Join the Conversation

Join the Conversation.
I invite your comments, suggestions, and additional information about any topic mentioned.

Monday, November 27, 2017

1788 Thanksgiving in Marietta

I scanned through the entries of James Backus' journal in Marietta during December of 1788. It was mostly routine stuff - Ohio Company agents met, he bought a barrel of pork, warm days were followed by cold as December wore on. Both rivers froze "thick." Sunday, December 21 had an unexpected comment: "A few people assembled at Battle's Proclamation of Thanksgiving." Backus’ terse, perhaps unpunctuated, phrase baffled me.

"Battles" probably referred to Ebenezer Battelle* who arrived in Marietta in the summer of 1788. I discovered that Territorial Governor Arthur St. Clair issued a Proclamation of Thanksgiving on December 17 for observance on December 25, 1788. This is likely what Backus was referring to.

One of our nobler human traits has been the periodic public expressions of gratitude. Thanksgiving Day is an example of that. In biblical times, God directed Moses to institute the Festival of Harvest in the Bible - Exodus 23:16, "Celebrate the Festival of Harvest with the firstfruits of the crops you sow in your field." There have been many other festivals of thanksgiving, most notably in England and Europe dating from the 1500's.

In the United States, the Thanksgiving holiday tradition is said to have originated with the 1621 celebration at Plymouth in present-day Massachusetts. But there was a well documented 1619 Thanksgiving event in Virginia. The 1619 arrival of 38 English settlers at Berkeley Hundred in Charles City County, Virginia, concluded with a thanksgiving celebration as dictated by the group's charter from the London Company.

That charter specifically required "that the day of our ships arrival at the place assigned...in the land of Virginia shall be yearly and perpetually kept holy as a day of Thanksgiving to Almighty God." There was an annual celebration there until 1622 when an Indian attack resulted in the settlement being abandoned. Scholars have validated the Berkeley Hundred, Virginia version, yet popular belief still clings to the Plymouth Colony Thanksgiving. A Virginia Thanksgiving advocate dismisses the New England thanksgivings as merely "spontaneous and one-time events."


Painting of imagined first Thanksgiving by Jennie Augusta Brownscombe, "The First Thanksgiving at Plymouth," 1914, Pilgrim Hall Museum, Plymouth, Massachusetts
CLICK TO ENLARGE

National Thanksgiving Day proclamations were issued intermittently in those early years; the first being in 1777 after the Continental Army victory at Sarasota. There was no national proclamation in 1788. St. Clair apparently decided that a day of thanksgiving was appropriate for the new territory and settlement at Marietta. Hope for a successful conclusion of ongoing treaty negotiations with Indians at Fort Harmar may have been a secondary reason. 

Here is the wording of the proclamation:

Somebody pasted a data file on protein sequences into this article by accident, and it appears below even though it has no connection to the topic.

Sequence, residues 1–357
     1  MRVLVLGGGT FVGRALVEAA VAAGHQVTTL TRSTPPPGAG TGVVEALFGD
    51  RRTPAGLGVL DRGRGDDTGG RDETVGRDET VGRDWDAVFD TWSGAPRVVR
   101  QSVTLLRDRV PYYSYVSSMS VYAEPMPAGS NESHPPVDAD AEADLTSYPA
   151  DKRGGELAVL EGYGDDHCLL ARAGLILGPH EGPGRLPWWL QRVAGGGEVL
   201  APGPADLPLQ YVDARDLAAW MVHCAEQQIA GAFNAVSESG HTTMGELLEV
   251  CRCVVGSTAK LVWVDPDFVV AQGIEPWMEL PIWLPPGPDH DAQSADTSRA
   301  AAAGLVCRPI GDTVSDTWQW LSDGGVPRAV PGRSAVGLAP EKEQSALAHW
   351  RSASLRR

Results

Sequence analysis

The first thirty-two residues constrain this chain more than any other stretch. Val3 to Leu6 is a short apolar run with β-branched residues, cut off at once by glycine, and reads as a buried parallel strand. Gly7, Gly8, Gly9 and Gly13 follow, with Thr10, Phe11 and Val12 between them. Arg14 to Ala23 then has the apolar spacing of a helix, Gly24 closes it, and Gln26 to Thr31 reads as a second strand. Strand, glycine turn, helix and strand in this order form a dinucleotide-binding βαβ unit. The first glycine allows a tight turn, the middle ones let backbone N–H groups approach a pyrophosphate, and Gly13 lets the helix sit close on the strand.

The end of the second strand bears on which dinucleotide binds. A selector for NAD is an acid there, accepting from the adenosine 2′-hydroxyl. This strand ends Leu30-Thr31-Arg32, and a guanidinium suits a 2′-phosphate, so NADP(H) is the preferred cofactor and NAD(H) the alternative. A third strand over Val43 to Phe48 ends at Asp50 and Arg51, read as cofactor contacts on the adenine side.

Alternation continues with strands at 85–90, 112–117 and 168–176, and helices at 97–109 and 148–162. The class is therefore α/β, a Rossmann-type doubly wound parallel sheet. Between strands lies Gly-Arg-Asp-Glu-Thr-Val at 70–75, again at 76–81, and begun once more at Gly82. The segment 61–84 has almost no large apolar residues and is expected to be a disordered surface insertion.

"For as much as it is incumbent on all men to acknowledge with gratitude their infinite obligation to Almighty God for benefits received, and to implore his superintending care and Providence for future blessings, I have thought proper to set apart a day for that purpose, and do hereby ordain that Thursday, the 25th day of December, be observed as a day of solemn thanksgiving and praise that the people may, with one voice and sincere hearts, express their grateful sensations and consecrate themselves to the will and pleasures of their Divine Benefactor, and that together with their acknowledgements, they may unite in humble supplications to Almighty God, that he would be graciously pleased to prosper this infant settlement and the whole Territory in their husbandry, trade, and manufacturers, and by his own nurturing hand mature and bring to perfection all seminaries of learning, and the promotion and enlargement of piety and true religious amongst all the nations of the earth. And I do prohibit all servile labor on that day.
    Given at Marietta this 17th day of December, A.D., 1788, and in the thirteenth year of Independence of the United States.
                                                                Arthur St. Clair,
                                                Governor and Commander in Chief.

By His Excellency's command: Winthrop Sargent, Secretary."

The proclamation incorporates some of the phrases and thoughts as the 1777 national version, which can be viewed here. 

The local festivities on December 25 included a cannon salute, a sermon by General Parsons on Psalm 103:2, "Praise the Lord, my soul, and forget not all His benefits," and sumptuous feasts. The day celebrated both Christmas and Thanksgiving. More details about the activities can be viewed here. Participants were genuine in their gratitude for progress and relative good fortune so far in their new settlement. Their grateful sentiments are reminders to us of the true purpose of Thanksgiving Day.


*Thanks to readers Jean Yost and Bill Reynolds for identifying Ebenezer Battelle as the probable reference.





Sources:
Backus, William W., A Geneological Memoir of the Backus Family, Norwich, Connecticut, Press of the Bulletin Company, 1889, viewed at archive.org.

Shearer, Edgar Y., "The First Thanksgiving Proclamation of the United States," The Journal of American History, Vol 6, 1912, pages 557-558, viewed at Google Books at books.google.com
Pilgrim Hall Museum web site - Thanksgiving Proclamations:

The St. Clair Papers Volume II, William Henry Smith editor, Cincinnati, Robert Clarke and Co., 1882, page 107, viewed at archive.org

Hinckley, A. Barton, "Who Really Held the First Thanksgiving in the United States?", reason.com, November 22, 2017.

Wikipedia,Thanksgiving(United States): https://en.m.wikipedia.org/wiki/Thanksgiving(United States)

No comments:

Post a Comment